In the latest poll, 81% of Americans
polled said that we are on the wrong road, the wrong road on the War in Iraq,
the wrong road on health care, the wrong road on the economy, the wrong road on human rights, the wrong road of the environment
Well, the two disciples in today’s
Gospel were on the wrong road too. They were on the road of despair and escape. They were running away from Jerusalem
even though they had heard reports that the tomb was empty, heard reports that women had seen a vision of angels, heard the
reports that the angels said that Jesus was alive, and knew that their leaders had checked all this out and found it was true. They focused on the one negative statement in the midst of all the positives: Jesus had not been seen. Why didn’t
they stick around and wait and see for themselves? Where was their faith? Where was their hope? Maybe, they
were afraid that they might get their hopes up only to be dashed again. Or, maybe they were afraid of what it would mean if
they discovered that Jesus was truly alive. How would they have to live their
lives differently? Could they do it? Better,
safer, to just keep on walking away.
We know what happened. Jesus, as a stranger, joined them on the road and he did two things.
1) He listened to their story, and 2) He spoke to them from Holy Scripture.
Telling the story lifts the burden,
doesn’t it? And when the word of God has something to say to our story,
that is when we feel that burning, that stirring within our hearts, and something begins to change. Hope emerges.
Jesus changed the whole story
by changing the word, “but” to the word “and.” The two
disciples told Jesus that the chief priests and rulers had handed Jesus over to be sentenced and crucified, “but we
had hoped that he was the one who was going to redeem Israel.” Jesus does
not deny the first part about his crucifixion and death. But, He changes the
conclusion to “and I did redeem Israel, not only Israel, the whole world too.
I just did it God’s way, not your way. I did it not by inflicting
suffering on others, but by taking it on myself.
Like the disciples, we would like
happy outcomes without suffering, but Jesus keeps showing us that the most meaningful outcomes result from the willingness
to sacrifice and suffer, -- not that suffering is good in itself, but, as in
all of life, the seed must fall to the ground and die to produce real life and good fruit in abundance.
The road that Jesus walked from
Bethlehem to Jerusalem was the right road. It took him 33 years to get there.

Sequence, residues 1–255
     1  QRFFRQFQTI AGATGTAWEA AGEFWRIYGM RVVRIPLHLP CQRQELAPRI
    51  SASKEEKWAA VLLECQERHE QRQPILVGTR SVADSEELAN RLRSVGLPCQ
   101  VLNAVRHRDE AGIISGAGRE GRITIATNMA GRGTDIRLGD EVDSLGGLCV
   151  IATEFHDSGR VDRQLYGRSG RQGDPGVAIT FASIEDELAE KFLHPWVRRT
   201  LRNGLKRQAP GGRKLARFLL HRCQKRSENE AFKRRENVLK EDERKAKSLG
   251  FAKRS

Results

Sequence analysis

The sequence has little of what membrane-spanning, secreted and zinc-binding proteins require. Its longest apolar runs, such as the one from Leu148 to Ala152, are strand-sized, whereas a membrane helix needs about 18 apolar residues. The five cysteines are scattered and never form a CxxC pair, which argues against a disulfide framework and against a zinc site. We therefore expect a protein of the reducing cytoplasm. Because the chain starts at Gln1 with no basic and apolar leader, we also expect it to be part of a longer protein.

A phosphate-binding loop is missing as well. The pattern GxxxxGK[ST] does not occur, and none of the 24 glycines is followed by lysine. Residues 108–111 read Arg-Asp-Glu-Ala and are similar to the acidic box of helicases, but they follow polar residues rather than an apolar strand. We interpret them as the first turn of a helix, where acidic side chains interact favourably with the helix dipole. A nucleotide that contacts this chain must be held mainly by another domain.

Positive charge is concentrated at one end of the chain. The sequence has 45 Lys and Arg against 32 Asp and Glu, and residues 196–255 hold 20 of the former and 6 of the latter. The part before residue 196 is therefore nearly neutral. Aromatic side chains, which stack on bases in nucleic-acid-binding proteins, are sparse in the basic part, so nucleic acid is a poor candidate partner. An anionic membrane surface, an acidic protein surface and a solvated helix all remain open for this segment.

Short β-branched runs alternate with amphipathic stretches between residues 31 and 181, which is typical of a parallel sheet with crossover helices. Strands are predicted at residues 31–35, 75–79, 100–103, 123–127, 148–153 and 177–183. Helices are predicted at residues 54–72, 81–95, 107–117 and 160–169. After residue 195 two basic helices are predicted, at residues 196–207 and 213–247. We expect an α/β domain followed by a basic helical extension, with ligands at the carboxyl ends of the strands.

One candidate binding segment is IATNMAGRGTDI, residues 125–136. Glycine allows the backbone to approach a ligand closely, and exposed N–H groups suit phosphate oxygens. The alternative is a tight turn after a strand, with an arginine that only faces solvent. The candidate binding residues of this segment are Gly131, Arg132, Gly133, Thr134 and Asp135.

The road that Dr. Martin Luther
King, Jr. walked from Atlanta to Memphis(40 years ago this past week) was the right road.
It took him 39 years to get there.
The road that the two disciples
walked back from Emmaus to Jerusalem was the right road provided that, empowered by their experience at Emmaus, they now gave
themselves wholeheartedly to the gospel of love, of peace, of caring, such as we see pictured for us in The Acts of the Apostles
concerning the early Christian community.
On these roads one needs strengthening. Jesus was strengthened by his Transfiguration experience on Mt. Tabor. Dr. Martin Luther King, Jr. was strengthened by his kitchen table experience when he heard God say,
“Martin Luther, stand up for righteousness. Stand up for justice. Stand up for truth. And lo, I will be
with you…” The two disciples were strengthened by their experience
of seeing Jesus in the breaking of the bread.
Every Sunday, when we come together
to celebrate Mass, we re-enact the Road to Emmaus Story. In the penitential rite
we acknowledge all the darkness and sinfulness and lack of faith that we walk in. Then
we listen to the word of God in Scripture and let the Spirit of Jesus speak to our hearts.
And then we meet Jesus in the Eucharist. Sometimes, with the eyes of faith
we do see him.
The key question then is: how do we return to the Jerusalem of our homes, our workplaces, our schools? Do I bring this experience of Jesus with me?
Am I more joyful and spirit filled? Am I more committed to the gospel, to being Christian, to be willing to walk with faith to the destiny that God has for me? Am I taking Jesus’ place as the
stranger on the road, walking with others in need?
We hope to have the courage to
embrace the Jerusalem or Memphis in our own life.
Dr. Kings’ final words on
his road were, “Mine eyes have seen the glory of the coming of the Lord.” The two disciples surely said the same
thing when they returned to the community. And may we proclaim those same words
especially during this Easter Season, “Mine eyes have seen the glory of the coming of the Lord,” – and live
this vision with new energy and joy.